Evergreen tree to 30 m. Young branchlets, buds, petioles, and lower leaf surfaces with greyish-white appressed hairs. Leaf blade thin, papery to leathery, elliptic, oblong-elliptic, or narrowly elliptic, 10–22 × 5–7 cm, secondary veins 10–14 on each side of midvein, reticulate veins dense, slender, greyish below, on upper surface prominent when dry, and with fine, dense hairs; base broadly cuneate or obtuse; margin slightly involute; apex acute to long acute. Petiole 1–2 cm, stipular scar ~⅕ as long as petiole. Flowers fragrant, on short axillary shoots (brachyblasts) which have densely appressed hairs. Tepals white, narrowly obovate-spoon-shaped, 5–7 × ~2.5 cm, base clawed, apex rounded. Stamens 1.2–1.7 cm; connective exserted and forming a 1.5–2 mm sharp tip; anthers 0.8–1.2 cm. Gynophore 6–8 mm, densely grayish-hairy; gynoecium narrowly ovoid, 1.5–2 cm; carpels 9–12 mm, densely greyish-hairy; ovaries 4–5 mm; styles 5–7 mm. Fruit 4–7 cm; mature carpels nearly obovoid, ~1.5 cm, with residual fine, appressed hairs, apex acutely beaked. Flowering April–May, fruiting September–October in the wild. (Xia, Liu & Nooteboom 2008; Chen & Nooteboom 1993).
Distribution Bhutan Myanmar N China S and SE Xizang, NW Yunnan India NE Nepal
Habitat Evergreen broad-leaved forests, 1500–2400 m.
USDA Hardiness Zone 8-10
RHS Hardiness Rating H4
Conservation status Data deficient (DD)
One of the better known and longer cultivated species of Section Michelia, Magnolia doltsopa is quite typical of them in being a large, evergreen forest tree, bearing its highly fragrant white flowers in leaf axils, high in the canopy. Typically again, it is native to warm temperate areas and only suits milder parts of our area, where old specimens can be magnificent, perfuming a wide area in spring.
Native to the Sino-Himalayan region, M. doltsopa became known to science from the western end of its range. The Scottish surgeon-naturalist Francis Buchanan-Hamilton, active in India, Myanmar and Nepal at the turn of the 18th/19th centuries, collected specimens in Nepal, and it was described by de Candolle in 1817. The use of its wood in construction across the native range (Chen & Nooteboom 1993) was noted early. Loudon (1838) claimed it as ‘one of the finest trees in Nepal, yielding a fragrant wood much used there for house building’. Several more-or-less forgotten synonyms in addition to those listed above, in part reflect a degree of variation in this widely distributed species.
Introduction to cultivation followed a century later, from the opposite end of its range. Seed collected in China by George Forrest reached Britain in about 1918 (Bean 1981); it is often difficult to pin trees from Forrest’s introductions (some of which were collected under the synonyms M. excelsa and M. manipurensis) down to collection numbers and precise localities. First flowering was at Caerhays Castle, Cornwall, in 1933. This is still one of the best places to see the species in our area, although the identification of some of the seven hefty originals, which vary in indumentum development on the leaf underside and in scent, is contested. One in particular has been attributed to M. floribunda by some, while others consider that they all represent variants of M. doltsopa as currently understood (Williams 2018; Williams 2022). Further specimens are seedlings from some of the uncontested trees; few places in the garden are out of range of their scent at flowering time. They branch at or near the base to make broad, domed crowns: dimensions include 21.5 m × 213 cm and 14 m × 570 cm in 2016 (Tree Register 2021). There are good specimens in other Devon and Cornwall gardens, as well as on the west coast of Scotland (15 m × 155 cm at Brodick Castle, 2017) and in coastal Ireland (21 m × 155 cm at Mount Congreve, Co. Waterford, 2010). Away from these favoured areas, a tree planted in the shelter of a wall at Wakehurst Place, Sussex, and which has flowered at least since 1984 (Clarke 1988) had reached 8 m × 62 cm by 2015 (Tree Register 2021). Nick Macer notes that younger specimens planted in woodland settings, in both Kent and upland North Wales, came through the harsh winters at either end of 2010 unscathed (Pan-Global Plants 2021); he has also distributed a recent high altitude introduction (NJM 13.051) from almost 2,400 m in Manipur, NE India. Elsewhere in Europe it should be tried in milder parts of western and northern France, and the Low Countries. There are young examples in several Belgian collections, including four from 1999 at Arboretum Bokrijk (Plantcol 2021).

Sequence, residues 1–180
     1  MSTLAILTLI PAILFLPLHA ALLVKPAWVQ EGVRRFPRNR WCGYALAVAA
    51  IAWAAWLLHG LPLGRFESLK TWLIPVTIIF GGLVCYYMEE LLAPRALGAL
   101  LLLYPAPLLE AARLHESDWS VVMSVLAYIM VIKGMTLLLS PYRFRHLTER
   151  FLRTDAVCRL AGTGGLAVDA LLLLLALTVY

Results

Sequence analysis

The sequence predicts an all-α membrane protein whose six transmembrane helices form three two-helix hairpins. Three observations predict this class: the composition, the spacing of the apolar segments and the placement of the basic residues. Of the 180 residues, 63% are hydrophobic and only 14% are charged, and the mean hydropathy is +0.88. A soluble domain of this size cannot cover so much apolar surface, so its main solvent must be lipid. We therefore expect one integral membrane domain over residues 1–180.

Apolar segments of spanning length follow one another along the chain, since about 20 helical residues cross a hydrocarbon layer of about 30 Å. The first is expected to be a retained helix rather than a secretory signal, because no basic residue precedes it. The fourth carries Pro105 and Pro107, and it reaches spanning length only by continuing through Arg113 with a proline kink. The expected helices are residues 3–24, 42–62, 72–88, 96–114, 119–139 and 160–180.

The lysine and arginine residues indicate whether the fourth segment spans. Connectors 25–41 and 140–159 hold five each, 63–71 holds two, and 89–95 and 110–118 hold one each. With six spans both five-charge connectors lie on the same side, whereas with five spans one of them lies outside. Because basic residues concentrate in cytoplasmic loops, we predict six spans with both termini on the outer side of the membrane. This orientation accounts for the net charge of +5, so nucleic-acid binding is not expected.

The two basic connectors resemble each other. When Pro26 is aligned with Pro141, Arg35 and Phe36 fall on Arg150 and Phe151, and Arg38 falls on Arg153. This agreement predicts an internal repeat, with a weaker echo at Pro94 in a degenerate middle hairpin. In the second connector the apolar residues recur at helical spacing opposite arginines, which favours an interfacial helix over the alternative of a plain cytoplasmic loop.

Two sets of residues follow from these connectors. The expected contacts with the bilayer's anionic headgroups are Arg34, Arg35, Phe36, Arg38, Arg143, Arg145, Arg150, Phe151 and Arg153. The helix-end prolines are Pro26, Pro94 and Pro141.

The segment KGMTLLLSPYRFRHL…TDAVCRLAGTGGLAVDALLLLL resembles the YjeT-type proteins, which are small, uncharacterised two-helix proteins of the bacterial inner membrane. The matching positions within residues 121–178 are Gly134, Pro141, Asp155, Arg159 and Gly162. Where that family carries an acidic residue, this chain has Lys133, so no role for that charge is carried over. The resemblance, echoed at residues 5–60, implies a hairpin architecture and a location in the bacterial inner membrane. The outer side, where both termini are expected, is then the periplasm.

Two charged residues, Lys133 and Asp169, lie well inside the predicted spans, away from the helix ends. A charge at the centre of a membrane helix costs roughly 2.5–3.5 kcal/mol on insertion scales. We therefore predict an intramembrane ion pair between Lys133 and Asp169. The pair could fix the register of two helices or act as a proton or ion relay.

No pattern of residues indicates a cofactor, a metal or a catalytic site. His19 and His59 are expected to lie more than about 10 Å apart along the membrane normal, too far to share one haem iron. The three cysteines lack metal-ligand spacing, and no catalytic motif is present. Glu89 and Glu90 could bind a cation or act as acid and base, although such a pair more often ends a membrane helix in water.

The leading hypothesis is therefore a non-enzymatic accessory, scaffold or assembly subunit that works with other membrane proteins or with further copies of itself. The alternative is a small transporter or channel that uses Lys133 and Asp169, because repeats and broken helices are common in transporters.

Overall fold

In our North American area, it is well established in the Bay Area of California, with older trees reaching 15 m at the Strybing Arboretum (from where plants have been distributed as ‘Strybing Strain’) and many younger trees in street plantings (McNeil 2021; Dirr 2009). It would be worth trying in sheltered coastal spots further north in California and Oregon.
It is a parent (with M. figo) of a group of artificial hybrids, M. × foggii (q.v.) and is involved in Mark Jury’s more complex michelia hybrids; of these, M. ‘Micjur05’ (FAIRY MAGNOLIA WHITE) is closest to M. doltsopa in general appearance and fragrance, serving as a hardier substitute for smaller gardens.
Flowers large, to 20 cm across, with about 30 tepals; flower buds produced in first year on layered plants. Selected by Duncan & Davies, New Zealand, in the 1950s or 60s, a seedling sent to New Zealand by Hillier Nurseries (Edwards & Marshall 2019; Magnolia Grove 2021). Now well established outside New Zealand, there is a significant specimen at Caerhays Castle, Cornwall (11 m × 84 cm, 2016 – Tree Register 2021).